Long-term forage and cow-calf performance and economic considerations of two stocking levels on chihuahuan desert rangeland
AuthorThomas, M. G.
Mohamed, A. H.
Sawalhah, M. N.
Holechek, J. L.
Bailey, D. W.
Hawkes, J. M.
MetadataShow full item record
CitationThomas, M. G., Mohamed, A. H., Sawalhah, M. N., Holechek, J. L., Bailey, D. W., Hawkes, J. M., Luna-Nevarez, P., Molinar, F., & Khumalo, G. (2015). Long-term forage and cow-calf performance and economic considerations of two stocking levels on chihuahuan desert rangeland. Rangeland Ecology & Management, 68(2), 158–165.
PublisherSociety for Range Management
JournalRangeland Ecology & Management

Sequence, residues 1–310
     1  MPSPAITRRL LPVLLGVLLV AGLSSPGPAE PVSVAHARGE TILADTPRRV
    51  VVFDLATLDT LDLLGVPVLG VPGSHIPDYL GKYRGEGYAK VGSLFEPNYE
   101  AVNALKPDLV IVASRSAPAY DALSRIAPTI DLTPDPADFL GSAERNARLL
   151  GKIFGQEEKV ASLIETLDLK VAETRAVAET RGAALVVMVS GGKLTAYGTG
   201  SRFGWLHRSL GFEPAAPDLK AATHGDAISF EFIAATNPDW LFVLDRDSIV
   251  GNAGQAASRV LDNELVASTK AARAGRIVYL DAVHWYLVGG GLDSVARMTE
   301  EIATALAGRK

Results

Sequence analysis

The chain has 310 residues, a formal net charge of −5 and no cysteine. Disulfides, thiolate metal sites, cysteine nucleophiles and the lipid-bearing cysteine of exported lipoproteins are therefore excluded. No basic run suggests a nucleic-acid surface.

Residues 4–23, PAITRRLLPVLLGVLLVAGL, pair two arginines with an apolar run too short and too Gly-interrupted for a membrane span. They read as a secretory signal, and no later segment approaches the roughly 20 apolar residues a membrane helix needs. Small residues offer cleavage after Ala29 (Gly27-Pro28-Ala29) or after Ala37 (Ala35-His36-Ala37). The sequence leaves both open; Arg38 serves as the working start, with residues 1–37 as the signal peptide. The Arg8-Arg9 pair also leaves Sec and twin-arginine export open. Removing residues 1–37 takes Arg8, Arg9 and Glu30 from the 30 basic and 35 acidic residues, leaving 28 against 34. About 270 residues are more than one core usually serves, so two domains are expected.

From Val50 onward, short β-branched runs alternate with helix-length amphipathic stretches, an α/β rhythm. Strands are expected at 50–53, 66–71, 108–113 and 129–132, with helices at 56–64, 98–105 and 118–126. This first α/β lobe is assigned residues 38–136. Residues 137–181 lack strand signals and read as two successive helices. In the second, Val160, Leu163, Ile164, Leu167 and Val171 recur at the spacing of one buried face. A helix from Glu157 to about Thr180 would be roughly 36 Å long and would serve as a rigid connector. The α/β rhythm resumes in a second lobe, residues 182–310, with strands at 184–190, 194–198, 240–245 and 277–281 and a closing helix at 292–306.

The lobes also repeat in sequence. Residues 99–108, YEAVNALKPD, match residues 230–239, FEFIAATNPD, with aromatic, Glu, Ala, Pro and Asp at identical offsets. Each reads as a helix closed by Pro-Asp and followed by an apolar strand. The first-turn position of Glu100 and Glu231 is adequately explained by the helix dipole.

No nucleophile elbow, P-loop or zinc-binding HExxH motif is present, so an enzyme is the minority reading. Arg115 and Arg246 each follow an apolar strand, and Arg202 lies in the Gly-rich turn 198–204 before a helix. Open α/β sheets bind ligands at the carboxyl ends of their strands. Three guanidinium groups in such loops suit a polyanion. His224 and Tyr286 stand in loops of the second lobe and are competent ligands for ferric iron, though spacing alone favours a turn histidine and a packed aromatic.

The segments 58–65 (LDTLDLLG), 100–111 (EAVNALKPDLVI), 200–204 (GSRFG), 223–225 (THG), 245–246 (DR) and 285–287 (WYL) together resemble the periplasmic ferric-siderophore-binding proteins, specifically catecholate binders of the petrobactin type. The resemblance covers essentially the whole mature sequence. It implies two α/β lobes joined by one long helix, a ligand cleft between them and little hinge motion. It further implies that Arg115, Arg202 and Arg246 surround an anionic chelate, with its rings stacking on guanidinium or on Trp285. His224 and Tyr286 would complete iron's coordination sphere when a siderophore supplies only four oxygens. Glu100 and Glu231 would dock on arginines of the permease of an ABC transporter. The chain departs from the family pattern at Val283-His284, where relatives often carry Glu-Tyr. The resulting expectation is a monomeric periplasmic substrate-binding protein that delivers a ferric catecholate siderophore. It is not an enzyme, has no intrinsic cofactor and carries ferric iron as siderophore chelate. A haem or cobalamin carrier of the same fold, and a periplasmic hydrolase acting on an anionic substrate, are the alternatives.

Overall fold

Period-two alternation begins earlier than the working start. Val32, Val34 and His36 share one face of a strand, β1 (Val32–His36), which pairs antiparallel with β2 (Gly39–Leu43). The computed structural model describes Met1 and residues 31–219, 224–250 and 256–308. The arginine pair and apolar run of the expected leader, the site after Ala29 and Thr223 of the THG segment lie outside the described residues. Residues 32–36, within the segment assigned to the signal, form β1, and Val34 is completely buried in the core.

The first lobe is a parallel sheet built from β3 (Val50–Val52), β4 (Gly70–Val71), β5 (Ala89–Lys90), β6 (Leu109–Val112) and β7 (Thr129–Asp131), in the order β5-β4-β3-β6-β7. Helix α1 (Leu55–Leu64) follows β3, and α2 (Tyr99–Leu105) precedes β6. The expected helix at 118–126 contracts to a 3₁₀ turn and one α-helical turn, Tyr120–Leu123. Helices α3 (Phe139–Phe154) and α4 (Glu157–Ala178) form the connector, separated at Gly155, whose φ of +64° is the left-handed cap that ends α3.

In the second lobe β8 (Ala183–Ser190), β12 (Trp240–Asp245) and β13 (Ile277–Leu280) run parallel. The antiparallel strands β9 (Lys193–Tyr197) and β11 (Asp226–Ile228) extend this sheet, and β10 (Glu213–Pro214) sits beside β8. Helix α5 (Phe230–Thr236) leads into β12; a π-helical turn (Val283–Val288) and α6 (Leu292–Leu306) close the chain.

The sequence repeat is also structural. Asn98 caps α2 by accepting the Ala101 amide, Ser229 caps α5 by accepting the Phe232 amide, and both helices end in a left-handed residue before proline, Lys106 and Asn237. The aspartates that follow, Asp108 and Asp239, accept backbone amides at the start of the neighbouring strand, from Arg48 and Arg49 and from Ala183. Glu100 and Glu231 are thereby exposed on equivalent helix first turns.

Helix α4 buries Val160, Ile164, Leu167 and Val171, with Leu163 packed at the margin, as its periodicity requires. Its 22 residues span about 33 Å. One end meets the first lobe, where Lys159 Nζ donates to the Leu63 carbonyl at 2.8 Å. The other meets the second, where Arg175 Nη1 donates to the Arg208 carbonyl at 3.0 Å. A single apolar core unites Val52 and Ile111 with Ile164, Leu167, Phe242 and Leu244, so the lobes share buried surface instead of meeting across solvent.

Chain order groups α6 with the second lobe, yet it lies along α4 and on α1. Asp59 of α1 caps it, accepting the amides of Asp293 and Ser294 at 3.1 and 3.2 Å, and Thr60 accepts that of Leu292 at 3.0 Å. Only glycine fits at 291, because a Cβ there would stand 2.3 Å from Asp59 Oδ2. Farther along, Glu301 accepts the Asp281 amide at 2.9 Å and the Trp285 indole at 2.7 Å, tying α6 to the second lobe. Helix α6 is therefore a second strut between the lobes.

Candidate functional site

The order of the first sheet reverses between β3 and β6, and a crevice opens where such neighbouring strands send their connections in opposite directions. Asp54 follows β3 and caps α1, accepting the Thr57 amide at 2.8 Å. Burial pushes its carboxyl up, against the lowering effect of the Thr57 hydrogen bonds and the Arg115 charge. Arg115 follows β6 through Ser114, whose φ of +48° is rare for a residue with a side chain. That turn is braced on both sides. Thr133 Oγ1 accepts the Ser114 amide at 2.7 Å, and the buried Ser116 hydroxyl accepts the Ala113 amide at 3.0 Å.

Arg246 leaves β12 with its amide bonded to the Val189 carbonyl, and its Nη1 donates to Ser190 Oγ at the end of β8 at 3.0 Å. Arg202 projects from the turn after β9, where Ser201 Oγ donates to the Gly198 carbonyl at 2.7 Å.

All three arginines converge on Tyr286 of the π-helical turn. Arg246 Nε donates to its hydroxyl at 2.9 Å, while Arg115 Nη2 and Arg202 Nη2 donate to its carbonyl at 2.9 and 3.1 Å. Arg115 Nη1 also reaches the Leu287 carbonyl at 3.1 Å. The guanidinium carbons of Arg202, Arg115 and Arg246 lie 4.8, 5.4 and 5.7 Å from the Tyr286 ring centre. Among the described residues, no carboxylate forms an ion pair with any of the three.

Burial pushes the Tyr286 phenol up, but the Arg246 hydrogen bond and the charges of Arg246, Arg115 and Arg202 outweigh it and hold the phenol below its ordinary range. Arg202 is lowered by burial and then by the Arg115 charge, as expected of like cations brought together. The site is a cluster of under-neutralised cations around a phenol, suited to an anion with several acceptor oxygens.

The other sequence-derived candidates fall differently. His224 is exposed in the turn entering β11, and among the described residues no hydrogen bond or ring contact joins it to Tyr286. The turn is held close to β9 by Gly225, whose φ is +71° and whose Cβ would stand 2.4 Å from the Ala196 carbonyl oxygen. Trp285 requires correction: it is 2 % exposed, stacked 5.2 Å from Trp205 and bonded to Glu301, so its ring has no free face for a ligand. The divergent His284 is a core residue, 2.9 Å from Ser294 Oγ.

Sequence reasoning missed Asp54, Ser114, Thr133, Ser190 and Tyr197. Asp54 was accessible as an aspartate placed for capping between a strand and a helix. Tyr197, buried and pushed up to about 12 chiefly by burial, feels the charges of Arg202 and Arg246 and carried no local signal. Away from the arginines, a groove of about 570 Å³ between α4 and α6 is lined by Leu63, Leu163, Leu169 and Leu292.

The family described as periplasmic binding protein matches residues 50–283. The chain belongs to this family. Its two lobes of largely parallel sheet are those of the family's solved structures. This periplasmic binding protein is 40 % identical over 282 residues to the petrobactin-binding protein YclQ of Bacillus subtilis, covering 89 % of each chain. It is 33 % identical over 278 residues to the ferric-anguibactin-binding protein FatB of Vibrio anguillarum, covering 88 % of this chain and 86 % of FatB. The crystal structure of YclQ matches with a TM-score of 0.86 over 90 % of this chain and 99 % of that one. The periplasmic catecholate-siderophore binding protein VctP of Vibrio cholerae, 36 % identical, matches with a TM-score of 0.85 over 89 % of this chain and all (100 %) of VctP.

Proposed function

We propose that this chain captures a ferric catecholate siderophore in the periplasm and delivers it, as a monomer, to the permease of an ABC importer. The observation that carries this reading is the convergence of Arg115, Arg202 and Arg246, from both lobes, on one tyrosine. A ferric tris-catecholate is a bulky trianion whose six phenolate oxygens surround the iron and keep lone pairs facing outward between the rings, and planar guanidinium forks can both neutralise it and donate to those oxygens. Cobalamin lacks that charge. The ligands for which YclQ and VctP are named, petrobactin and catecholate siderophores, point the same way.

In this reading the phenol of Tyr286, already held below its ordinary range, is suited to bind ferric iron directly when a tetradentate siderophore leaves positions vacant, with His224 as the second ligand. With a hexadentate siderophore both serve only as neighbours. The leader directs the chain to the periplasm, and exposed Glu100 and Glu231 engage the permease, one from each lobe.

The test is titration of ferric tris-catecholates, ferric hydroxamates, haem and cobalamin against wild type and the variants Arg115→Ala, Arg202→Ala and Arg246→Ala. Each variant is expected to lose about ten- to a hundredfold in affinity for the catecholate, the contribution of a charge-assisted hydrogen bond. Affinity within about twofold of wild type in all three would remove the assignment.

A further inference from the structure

AbstractForage and cow-calf productivity on two lightly and two conservatively grazed pastures were evaluated over a 15-year period (1997-2011) in the Chihuahuan Desert of south-central New Mexico. Spring-calving Brangus cows were randomly assigned to pastures in January of each year. Pastures were similar in area (1 098 ± 69 ha, mean ± SE) with similar terrain and distance to water. Utilization of primary forage species averaged 27.1 ± 3.0% in lightly stocked pastures and 39.4 ± 4.0% on conservatively stocked pastures. No differences in perennial grass standing crop (163.5 ± 52.2 kg·ha-1) and calf weaning weights (286.1 ± 2.6 kg) were detected (P > 0.10) between light and conservative treatments. Lightly grazed pastures yielded greater (P < 0.05) kg of calf weaned·ha-1 and calf crop percent than conservatively grazed pastures in 1998 due to complete destocking of conservatively grazed pastures during that slight drought (i.e., rainfall was 75% of normal in 1998). After the initial 5 years of study (1997-2001), all pastures were destocked for 4 years (2002-2005) due to drought as rainfall was only 50% or less of normal. Pastures were then restocked for another 6 years (2006-2011). Postdrought, the percentage change in perennial grass standing forage crop (kg·ha-1) was -4.0 and -14.4 ± 2.5 % (P < 0.09) in the light and conservative grazed pastures across the 6 years, respectively. While conservative stocking rates may provide higher net financial returns than light stocking rates during nondrought years as there were more AU per pasture, potential losses from cattle liquidation during short-term (i.e., 1-year) droughts could nullify this advantage. Results suggest that light grazing use of forage is a practical approach for Chihuahuan Desert cow-calf operations to minimize risk of herd liquidation during short-term drought. © 2015 Society for Range Management. Published by Elsevier Inc. All rights reserved.